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European vaccines market set to double by 2018

“Huge growth potential” in areas of unmet medical need say Frost & Sullivan

Tapping unmet medical needs will fuel growth in the European vaccines market to almost double its current value by 2018, according to a new report.

Frost & Sullivan predict the market will expand at a compound annual growth rate of 9.6 per cent from $6.36bn during 2011 to $12.05bn by 2018, as companies look to conditions with “huge growth potential”, such as AIDS, malaria and tuberculosis.

The potential for vaccines to reduce later healthcare spending is also encouraging governments to increase support for vaccination programmes, says the report.

Noted recent successes in vaccination include the human papillomavirus (HPV) vaccine to protect people from cervical cancer.

Vaccine programmes have been rolled out across Europe, although a separate report published last week suggested some countries should step up their efforts to vaccinate girls.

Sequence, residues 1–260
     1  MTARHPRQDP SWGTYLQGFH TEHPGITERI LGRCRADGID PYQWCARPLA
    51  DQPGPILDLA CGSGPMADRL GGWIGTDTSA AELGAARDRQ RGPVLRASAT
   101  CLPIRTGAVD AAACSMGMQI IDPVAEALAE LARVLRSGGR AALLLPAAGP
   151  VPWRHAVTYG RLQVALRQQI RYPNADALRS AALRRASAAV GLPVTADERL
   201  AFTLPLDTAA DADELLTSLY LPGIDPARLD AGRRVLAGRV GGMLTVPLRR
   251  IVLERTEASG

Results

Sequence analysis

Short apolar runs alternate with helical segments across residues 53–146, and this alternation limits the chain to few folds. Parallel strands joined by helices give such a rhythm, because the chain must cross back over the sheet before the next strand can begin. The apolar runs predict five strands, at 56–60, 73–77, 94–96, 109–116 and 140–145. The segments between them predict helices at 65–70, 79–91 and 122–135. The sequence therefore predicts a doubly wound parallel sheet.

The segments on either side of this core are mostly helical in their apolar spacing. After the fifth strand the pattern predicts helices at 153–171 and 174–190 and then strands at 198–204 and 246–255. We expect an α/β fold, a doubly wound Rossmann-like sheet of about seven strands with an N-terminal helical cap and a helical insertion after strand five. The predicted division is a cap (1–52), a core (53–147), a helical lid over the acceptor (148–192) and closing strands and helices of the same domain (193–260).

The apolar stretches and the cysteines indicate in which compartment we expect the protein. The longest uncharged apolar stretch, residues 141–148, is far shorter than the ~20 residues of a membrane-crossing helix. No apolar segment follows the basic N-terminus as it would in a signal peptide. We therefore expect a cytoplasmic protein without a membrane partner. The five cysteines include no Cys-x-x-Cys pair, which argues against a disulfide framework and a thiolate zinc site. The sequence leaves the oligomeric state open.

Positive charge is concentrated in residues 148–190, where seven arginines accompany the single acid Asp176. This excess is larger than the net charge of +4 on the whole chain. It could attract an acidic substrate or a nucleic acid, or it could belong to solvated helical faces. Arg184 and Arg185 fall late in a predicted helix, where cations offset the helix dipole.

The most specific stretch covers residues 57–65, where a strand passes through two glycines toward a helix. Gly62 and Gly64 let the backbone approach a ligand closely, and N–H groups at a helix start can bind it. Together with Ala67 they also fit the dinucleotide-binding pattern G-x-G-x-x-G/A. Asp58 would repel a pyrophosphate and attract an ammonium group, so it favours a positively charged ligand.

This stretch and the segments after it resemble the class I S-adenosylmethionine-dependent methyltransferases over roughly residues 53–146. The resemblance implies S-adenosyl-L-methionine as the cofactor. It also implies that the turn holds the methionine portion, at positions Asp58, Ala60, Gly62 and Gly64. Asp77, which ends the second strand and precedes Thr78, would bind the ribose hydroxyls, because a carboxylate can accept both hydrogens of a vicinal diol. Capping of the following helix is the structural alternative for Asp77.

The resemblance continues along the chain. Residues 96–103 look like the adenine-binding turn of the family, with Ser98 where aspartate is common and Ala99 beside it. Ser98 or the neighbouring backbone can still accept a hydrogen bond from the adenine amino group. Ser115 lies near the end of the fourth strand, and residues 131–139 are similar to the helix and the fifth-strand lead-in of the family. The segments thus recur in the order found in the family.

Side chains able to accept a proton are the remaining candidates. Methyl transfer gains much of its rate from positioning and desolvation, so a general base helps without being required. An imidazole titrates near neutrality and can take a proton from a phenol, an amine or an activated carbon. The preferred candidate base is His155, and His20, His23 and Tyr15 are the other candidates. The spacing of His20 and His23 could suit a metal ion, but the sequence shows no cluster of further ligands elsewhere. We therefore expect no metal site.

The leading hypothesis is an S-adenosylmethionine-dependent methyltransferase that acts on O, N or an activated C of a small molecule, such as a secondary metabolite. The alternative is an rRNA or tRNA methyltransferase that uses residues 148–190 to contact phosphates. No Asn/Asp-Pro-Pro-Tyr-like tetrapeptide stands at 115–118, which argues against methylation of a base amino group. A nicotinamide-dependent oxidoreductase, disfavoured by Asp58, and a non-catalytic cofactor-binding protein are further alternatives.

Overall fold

Sanofi has also posted data from a trial investigating what could be the first vaccine for dengue fever. Despite a lower than expected efficacy rate, hopes are still high for what would be a significant breakthrough in treatment of the most widespread tropical disease after malaria.

Real advances could also be seen in malaria vaccination, following the launch of a central 'reference' laboratory for measuring the performance of malaria vaccines through a partnership between London's Imperial College, the PATH Malaria Vaccine Initiative (MVI) and the International AIDS Vaccine Initiative (IAVI) to identify vaccine candidates.

Frost & Sullivan say an additional factor in the growth of the European vaccines market will be if manufacturers and governments can suitably anticipate or prepare for events such as pandemic outbreaks, epidemics and bioterrorism.

“Vaccine manufacturers are under the compulsion to maintain excess reserve supply owing to the tender-based vaccine procurement, lest they miss out on huge business opportunities," noted Frost & Sullivan senior research analyst Aiswariya Chidambaram.

Consequently, for companies to succeed in the market, they will have to accurately predict capacity demand and product differentiation to avoid being hit by excess of inadequate capacity, Chidambaram said.

13th September 2012

From: Sales, Healthcare



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